Unclipping a sidecurtain, letting it unroll, zipping it into place and extending it to the side of the boat with a bungee cord around one of the side-deck rodholders doesn't take as long to do as it does to read and - voila! - that perennial curse of centre-consoles and many centre-cabins, wind blown spray, is neatly excluded.

I won't insult readers by talking rubbish about any centre-cabin/console being dry. The facts of life are that you get wet in any open boat. As it pushes through surface chop a boat's hull deflects spray forward and in an arc each side. If the wind's strong enough and from the right (wrong) angle, water drops WILL blow inboard. The only way you stay dry is when something waterproof prevents the flying spray from hitting you. Which is precisely what this boat's sidecurtains do. And that, as they say, is that. Since you only need one of these sidecurtains down at a time, forward access is only compromised on one side of the boat at a time. Rolling the curtain up again is done in seconds.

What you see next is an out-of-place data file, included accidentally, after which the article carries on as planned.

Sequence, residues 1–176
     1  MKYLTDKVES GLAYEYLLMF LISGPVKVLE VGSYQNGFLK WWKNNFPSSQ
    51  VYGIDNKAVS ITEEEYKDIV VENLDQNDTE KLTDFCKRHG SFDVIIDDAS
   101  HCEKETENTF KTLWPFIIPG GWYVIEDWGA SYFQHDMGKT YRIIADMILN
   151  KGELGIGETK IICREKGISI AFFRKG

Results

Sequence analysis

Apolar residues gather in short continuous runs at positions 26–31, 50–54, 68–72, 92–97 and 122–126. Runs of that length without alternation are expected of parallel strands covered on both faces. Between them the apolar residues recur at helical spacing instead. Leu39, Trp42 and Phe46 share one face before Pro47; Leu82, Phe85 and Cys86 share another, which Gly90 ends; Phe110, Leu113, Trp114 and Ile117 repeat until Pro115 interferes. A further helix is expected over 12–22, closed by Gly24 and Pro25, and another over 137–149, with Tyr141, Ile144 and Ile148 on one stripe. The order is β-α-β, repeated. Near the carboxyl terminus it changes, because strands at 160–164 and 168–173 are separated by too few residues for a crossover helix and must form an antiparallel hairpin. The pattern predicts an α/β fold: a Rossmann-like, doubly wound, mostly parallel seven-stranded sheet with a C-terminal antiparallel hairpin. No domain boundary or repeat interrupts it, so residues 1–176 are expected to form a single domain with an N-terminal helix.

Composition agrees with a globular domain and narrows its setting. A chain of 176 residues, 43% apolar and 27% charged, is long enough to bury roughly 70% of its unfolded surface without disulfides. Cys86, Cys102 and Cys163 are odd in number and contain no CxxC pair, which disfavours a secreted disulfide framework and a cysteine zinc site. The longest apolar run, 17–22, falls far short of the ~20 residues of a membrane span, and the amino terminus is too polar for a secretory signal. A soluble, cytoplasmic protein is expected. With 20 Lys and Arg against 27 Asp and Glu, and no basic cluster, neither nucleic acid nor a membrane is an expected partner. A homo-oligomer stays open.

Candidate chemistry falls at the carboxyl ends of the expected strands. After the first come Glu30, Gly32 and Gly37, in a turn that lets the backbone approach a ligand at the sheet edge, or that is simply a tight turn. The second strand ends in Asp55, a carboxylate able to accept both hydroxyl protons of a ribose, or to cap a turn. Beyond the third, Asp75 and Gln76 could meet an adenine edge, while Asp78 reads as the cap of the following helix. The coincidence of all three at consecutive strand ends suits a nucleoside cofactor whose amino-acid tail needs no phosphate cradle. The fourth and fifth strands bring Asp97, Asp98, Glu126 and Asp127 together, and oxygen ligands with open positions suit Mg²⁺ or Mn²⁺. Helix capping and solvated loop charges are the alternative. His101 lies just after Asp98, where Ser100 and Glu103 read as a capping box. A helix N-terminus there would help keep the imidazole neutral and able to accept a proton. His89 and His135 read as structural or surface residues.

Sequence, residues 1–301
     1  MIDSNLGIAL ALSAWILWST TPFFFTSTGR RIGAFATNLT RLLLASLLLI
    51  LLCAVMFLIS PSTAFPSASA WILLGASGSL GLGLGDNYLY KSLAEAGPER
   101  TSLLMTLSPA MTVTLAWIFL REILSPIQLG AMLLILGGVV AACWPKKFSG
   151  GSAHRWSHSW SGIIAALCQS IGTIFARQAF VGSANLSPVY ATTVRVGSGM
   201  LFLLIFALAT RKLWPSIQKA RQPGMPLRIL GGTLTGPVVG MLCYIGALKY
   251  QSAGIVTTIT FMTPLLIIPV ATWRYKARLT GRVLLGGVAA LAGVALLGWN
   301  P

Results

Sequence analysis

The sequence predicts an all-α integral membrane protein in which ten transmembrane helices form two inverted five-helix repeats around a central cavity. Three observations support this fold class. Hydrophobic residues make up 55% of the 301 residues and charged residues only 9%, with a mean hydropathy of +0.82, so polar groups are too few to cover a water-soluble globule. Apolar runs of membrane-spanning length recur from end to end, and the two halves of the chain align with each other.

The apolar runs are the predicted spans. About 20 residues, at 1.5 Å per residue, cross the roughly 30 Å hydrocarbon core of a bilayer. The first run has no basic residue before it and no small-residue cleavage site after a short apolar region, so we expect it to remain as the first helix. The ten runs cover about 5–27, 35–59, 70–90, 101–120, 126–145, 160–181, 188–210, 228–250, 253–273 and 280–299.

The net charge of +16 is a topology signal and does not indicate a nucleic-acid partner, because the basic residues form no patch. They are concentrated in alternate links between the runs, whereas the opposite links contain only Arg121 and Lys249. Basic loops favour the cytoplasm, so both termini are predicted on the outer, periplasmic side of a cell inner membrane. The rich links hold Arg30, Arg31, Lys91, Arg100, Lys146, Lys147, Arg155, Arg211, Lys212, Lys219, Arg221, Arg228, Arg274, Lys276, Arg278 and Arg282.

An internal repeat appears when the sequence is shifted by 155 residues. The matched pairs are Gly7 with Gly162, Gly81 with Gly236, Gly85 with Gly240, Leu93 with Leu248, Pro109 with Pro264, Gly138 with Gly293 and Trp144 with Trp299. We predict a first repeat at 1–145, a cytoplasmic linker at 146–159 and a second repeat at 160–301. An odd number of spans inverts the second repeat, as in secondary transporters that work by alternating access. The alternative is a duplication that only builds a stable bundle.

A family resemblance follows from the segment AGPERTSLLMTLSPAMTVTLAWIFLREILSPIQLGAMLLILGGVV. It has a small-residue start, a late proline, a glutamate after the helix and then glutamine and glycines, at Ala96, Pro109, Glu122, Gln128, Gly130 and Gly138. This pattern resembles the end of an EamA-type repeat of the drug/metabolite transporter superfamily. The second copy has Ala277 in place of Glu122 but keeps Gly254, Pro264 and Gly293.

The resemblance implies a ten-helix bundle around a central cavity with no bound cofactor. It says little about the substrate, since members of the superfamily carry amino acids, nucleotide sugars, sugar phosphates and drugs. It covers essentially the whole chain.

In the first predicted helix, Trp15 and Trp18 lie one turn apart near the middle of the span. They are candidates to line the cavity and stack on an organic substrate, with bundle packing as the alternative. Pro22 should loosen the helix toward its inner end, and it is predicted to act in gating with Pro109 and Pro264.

Jason Norup from OMM told me it took quite a while to get these sidecurtains "just right," but having owned nothing but open boats myself, and copped more flying spray than I want to contemplate over the years, I have to say that "quite a while" is nothing, absolutely nothing, compared to (what seems like) buckets of chill water in your face every few seconds.

In 25 years of boat testing, the sidecurtains are one of the best things I've EVER come across!



Inside the console/cabin, my contention that we're talking about a centre-console rather than a cabin is supported by there being no pretence at living space. It's more a generous stowage space, albeit one that's ordinarily occupied by a portable toilet.

Although a standard fitment, our test boat's owner decided against a 'loo and in its place was a flush hatch accessing another cavernous stowage space belowdecks in the bilge area. It's not the place for gear that needs fast access perhaps, but it's perfect for times when you need to carry a heap of camping gear, or have something you need to transport out of the way, yet not get at in a hurry.

Stowage is always difficult to arrange in any centre-console but this boat has plenty. There's more belowdecks stowage under the bow deck, a big overboard draining fishpit belowdecks in the cockpit, and a huge icebox with a thickly upholstered lid and swing-over backrest serving as a central seating bench.